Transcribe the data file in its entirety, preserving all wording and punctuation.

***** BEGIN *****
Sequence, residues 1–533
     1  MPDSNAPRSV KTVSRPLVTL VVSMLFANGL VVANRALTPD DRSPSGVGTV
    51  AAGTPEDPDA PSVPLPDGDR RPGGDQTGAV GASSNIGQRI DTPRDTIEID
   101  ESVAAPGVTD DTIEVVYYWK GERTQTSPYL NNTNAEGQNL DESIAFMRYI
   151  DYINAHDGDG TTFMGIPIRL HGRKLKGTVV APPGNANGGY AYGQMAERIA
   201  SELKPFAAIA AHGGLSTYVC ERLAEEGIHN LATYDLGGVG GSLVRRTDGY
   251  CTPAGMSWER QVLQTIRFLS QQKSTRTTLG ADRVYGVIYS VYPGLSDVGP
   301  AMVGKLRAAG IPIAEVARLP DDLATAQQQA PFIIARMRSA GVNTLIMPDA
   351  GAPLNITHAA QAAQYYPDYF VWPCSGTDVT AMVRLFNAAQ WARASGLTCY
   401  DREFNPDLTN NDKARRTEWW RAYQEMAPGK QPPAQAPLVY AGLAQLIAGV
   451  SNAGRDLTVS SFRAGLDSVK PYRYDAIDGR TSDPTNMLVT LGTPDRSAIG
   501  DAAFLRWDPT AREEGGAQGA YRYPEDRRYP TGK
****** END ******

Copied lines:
Sequence, residues 1–533
     1  MPDSNAPRSV KTVSRPLVTL VVSMLFANGL VVANRALTPD DRSPSGVGTV
    51  AAGTPEDPDA PSVPLPDGDR RPGGDQTGAV GASSNIGQRI DTPRDTIEID
   101  ESVAAPGVTD DTIEVVYYWK GERTQTSPYL NNTNAEGQNL DESIAFMRYI
   151  DYINAHDGDG TTFMGIPIRL HGRKLKGTVV APPGNANGGY AYGQMAERIA
   201  SELKPFAAIA AHGGLSTYVC ERLAEEGIHN LATYDLGGVG GSLVRRTDGY
   251  CTPAGMSWER QVLQTIRFLS QQKSTRTTLG ADRVYGVIYS VYPGLSDVGP
   301  AMVGKLRAAG IPIAEVARLP DDLATAQQQA PFIIARMRSA GVNTLIMPDA
   351  GAPLNITHAA QAAQYYPDYF VWPCSGTDVT AMVRLFNAAQ WARASGLTCY
   401  DREFNPDLTN NDKARRTEWW RAYQEMAPGK QPPAQAPLVY AGLAQLIAGV
   451  SNAGRDLTVS SFRAGLDSVK PYRYDAIDGR TSDPTNMLVT LGTPDRSAIG
   501  DAAFLRWDPT AREEGGAQGA YRYPEDRRYP TGK